That used to be one of the alleged benefits to using Linux on PCs; that older hardware was supported and because Linux (no matter which distribution, as they all mimicked it) was less clogged with non-essential code, it would run faster on older, less advanced hardware.

It was true for a while, it is no longer now so.

My case in point is the newest kernel {2.6x}, which drops support for the chipset in my aged, but not dead, Toshiba laptop. Though it has a Celeron 1.5 GHz processor, it makes up for brute speed with 2 GB of main memory, 128 MB of which is used for graphics memory. With Windows XP, the last supported OS from Toshiba, the unit works well with all the stuff I have on its 160 GB hard drive, and other than not being the fastest kid on the block, works well for many chores I throw its way.

When I first put Ubuntu 7 on it, the Atheros wi-fi chipset was not supported, so all my work on the web was done through a wired connection, which was not a big problem, as I use the unit more like a portable, and not a laptop. As I saw revisions 8 and 9 come and go, I was still a bit miffed that no usable wireless was available (no, using an NDIS wrapper did not work at all!), but I soldiered on, because I believed in the plan – that Linux was truly demonstrably better, as many eyes on the code was better than a few at Microsoft.

Then Ubuntu 10 came, and all was swell, with the exception that some schmoe in development decided that all the windows would close from the left, instead of the right. Well, it was annoying, but nothing I could not handle. I used that revision (10.04) for quite a while, resisting the temptation to upgrade the kernel, as I had nightmares about the problems it might create – and I was right.

A few weeks ago, I allowed the unit to have the Linux kernel upgraded to the one included with 10.10, and that was all it took. Everything was grunged after the first reboot.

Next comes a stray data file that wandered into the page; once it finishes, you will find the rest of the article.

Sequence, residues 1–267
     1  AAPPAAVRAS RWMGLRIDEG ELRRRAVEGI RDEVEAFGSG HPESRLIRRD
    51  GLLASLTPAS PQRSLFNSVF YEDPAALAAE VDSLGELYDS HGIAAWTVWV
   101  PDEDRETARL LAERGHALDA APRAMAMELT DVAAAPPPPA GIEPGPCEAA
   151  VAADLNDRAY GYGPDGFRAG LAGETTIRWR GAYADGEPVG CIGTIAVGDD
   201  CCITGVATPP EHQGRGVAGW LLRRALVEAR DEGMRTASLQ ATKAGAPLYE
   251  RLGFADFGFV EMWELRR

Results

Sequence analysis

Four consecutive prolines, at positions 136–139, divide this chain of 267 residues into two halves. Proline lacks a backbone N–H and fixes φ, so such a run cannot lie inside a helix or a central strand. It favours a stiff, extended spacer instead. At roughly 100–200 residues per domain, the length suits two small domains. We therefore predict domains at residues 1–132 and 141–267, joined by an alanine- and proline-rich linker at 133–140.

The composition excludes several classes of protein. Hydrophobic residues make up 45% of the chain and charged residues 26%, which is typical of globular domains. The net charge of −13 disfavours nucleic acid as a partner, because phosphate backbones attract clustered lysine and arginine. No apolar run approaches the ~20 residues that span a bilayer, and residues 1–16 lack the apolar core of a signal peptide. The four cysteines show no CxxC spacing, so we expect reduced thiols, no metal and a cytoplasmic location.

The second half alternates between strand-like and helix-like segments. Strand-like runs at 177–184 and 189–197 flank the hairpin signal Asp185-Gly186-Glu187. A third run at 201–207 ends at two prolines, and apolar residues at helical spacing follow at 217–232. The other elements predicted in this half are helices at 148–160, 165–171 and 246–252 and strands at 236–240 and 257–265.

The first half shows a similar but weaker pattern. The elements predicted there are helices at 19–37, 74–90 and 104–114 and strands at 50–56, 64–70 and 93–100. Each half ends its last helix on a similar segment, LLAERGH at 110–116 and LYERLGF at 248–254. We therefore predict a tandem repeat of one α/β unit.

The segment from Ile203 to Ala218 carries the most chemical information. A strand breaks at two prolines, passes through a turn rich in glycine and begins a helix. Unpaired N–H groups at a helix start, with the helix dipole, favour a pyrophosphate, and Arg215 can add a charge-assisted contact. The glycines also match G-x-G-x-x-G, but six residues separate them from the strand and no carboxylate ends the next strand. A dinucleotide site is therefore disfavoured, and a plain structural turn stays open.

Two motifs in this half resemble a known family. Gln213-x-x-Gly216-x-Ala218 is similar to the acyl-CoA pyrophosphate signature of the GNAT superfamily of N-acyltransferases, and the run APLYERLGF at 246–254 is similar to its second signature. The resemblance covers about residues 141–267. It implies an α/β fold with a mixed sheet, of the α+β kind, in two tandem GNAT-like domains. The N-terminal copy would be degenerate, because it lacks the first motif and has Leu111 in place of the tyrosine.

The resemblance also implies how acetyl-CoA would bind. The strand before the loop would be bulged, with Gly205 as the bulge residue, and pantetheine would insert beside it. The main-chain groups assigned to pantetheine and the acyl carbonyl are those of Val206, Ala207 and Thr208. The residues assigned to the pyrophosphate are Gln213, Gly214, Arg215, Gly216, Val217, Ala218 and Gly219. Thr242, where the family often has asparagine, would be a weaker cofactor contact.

Oh, sure, I could go back to the older kernel, but something was keeping the removal of the newer one from being fully removed, and I could not understand why. I tried to wipe and install 10.10 clean, and that produced the same results, no proper video upon start up. Eventually, I gave up, removed the partition, used GPartEd to grow the secondary NTFS partition, totally obliterating the usable space for Linux, and that is where it stands, for now, on that notebook. Windows XP works without flaws, without question. Just like Ubuntu was supposed to.

I know the reason. I know the cure.

But should something that was advertised for so long to “work on older hardware well” not have the simple code built in to sidestep the problems that all the newer kernels have? Ubuntu is supposed to be “computing for humans” not a do-it-yourself project. If I thought it was going to be one, I would have settled in with SuSE, and done it myself, as I like most everything about either SuSE or Fedora better anyway.

If something is supposed to work better for everyone (right, Canonical?) then why not keep the old code and allow testing for which kernel should be used?

Now, I know that many will be letting me know their opinions as to why this is a good thing, but, as I started to say, something that is advertised as one thing, for a very long time, should stick with that idea, and not give up, simply because the latest and greatest stuff is different. Hardware changes, but how hard are routines to check for certain problems, and allow the user to know about them before hand?

Microsoft’s products do it automatically, and it seems that anything wishing to supplant Microsoft’s products should do as well, if not better.

Again, many will say that is not the goal of Linux. For Linus Torvalds, that may be true, but unless Mark Shuttleworth and everyone at Canonical is lying through their collective teeth, that is certainly the aim of Ubuntu Linux.

That being said, another one of the realities of Linux was not having to change with the weather – allowing people to keep what was there, and not be forced to upgrade. I was not forced, but I was also not warned, and that isn’t fair, is it?

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